The planetary alignment was due trigger a series of natural disasters, kicked off by the disruption of Earth’s polar caps.
Unfortunately for Richard, following his failed prediction, ‘no-one’ believed his prophecies again.
Many believed that man would manufacture the demise of Earth when they switched on the Large Hadron Collider (LHC).
By attempting to recreate a mini version of the Big Bang, a number of theorists thought it would create black holes which would engulf the earth.
Concerns reached boiling point when a pair of anxious citizens fired up a lawsuit against the operators of the collider – which required a safety report be submitted before the Collider could be operated.
So far, the LHC is yet to produce any black holes… that we know of.
One of the most followed predictions of the last few decades, the Mayan Apocalypse was due to come about a few days before Christmas in 2012, as the ancient Mayan calendar came to an end.
December 21st marked the end of the calendar’s first “Great Cycle”, after 5,125 years of continuously tracked time.
The prediction sparked wide-spread panic, and gave rise to a number of bizarre doomsday predictions including alien invasion, giant solar flares and monstrous tidal waves following planetary realignment.
One man in China was so convinced the world was coming to an end that he spent more than £100,000 to build his very own apocalypse-proof ‘Noah’s Ark’.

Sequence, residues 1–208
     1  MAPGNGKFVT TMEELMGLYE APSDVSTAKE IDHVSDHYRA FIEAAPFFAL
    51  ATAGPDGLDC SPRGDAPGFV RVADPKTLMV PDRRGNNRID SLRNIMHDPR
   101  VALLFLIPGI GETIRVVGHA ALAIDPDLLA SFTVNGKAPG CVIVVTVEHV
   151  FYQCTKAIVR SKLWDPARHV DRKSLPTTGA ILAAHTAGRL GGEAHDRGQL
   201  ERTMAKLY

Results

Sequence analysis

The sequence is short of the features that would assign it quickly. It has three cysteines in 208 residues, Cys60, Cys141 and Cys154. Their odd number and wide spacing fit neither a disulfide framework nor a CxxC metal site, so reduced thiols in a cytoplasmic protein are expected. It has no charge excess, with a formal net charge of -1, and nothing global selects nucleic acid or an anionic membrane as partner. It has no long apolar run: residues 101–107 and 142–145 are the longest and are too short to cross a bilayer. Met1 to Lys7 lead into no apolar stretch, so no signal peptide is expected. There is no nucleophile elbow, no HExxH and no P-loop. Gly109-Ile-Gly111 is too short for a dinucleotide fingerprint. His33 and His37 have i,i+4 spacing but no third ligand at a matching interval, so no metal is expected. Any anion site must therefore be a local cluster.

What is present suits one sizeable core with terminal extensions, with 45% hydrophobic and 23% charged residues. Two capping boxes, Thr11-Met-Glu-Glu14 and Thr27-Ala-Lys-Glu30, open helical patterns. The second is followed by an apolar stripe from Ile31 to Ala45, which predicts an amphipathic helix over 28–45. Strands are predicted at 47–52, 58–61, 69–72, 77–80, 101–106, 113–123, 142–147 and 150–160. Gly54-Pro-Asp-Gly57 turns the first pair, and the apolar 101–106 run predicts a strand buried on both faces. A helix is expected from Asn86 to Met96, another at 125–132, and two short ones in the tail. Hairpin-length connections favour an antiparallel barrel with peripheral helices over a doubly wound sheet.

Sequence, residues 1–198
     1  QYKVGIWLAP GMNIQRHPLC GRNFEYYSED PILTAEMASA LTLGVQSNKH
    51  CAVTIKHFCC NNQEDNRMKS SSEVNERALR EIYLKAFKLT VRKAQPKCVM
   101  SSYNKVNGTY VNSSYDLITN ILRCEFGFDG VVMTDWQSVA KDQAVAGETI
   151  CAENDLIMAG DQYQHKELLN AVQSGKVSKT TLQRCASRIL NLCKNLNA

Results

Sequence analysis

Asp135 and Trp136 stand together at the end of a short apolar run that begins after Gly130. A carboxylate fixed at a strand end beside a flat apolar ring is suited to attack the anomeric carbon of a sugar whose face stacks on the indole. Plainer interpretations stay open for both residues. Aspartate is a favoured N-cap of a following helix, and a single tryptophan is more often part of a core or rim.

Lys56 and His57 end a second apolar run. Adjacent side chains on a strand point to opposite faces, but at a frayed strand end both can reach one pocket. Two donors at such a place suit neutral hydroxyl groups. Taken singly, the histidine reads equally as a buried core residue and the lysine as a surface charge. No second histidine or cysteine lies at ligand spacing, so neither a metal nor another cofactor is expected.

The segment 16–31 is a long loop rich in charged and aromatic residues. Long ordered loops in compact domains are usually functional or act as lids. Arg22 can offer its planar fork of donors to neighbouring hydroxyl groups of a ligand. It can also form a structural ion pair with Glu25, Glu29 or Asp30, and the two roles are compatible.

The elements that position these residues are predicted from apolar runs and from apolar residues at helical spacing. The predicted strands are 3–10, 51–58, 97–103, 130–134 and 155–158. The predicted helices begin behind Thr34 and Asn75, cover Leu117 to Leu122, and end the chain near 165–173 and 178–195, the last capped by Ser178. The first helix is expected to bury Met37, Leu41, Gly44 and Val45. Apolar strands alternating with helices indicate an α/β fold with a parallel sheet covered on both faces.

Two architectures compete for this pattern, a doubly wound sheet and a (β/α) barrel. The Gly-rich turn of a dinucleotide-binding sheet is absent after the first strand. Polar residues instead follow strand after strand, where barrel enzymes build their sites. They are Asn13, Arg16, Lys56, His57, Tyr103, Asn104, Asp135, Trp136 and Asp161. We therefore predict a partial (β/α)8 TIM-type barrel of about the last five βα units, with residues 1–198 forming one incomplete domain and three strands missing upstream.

At the Edge of the World, Facing the End of the World
Writing about climate change is an exercise in managed insanity. The human mind isn’t equipped to parse a crisis—the greatest in the history of our species—of such complexity and urgency and darkness. With record-breaking superstorms ravaging coastlines at a regular clip, it’s hard to feel good about the impact that Homo sapiens has had on our leafy, temperate, Goldilocks planet.
You might even go so far as to suggest that the human species is a plague, given the untold destruction we’ve wrought on this planet. Once you subscribe to that argument, it becomes nearly impossible to think of a noble pursuit for a person. Doctors save lives—firefighters too. Teachers hope toinspire the next great genius, maybe someone like Norman Borlaug, whose agricultural breakthroughs allowed our population to balloon on a planet with only so much arable land. All noble pursuits in the name of spreading the human plague.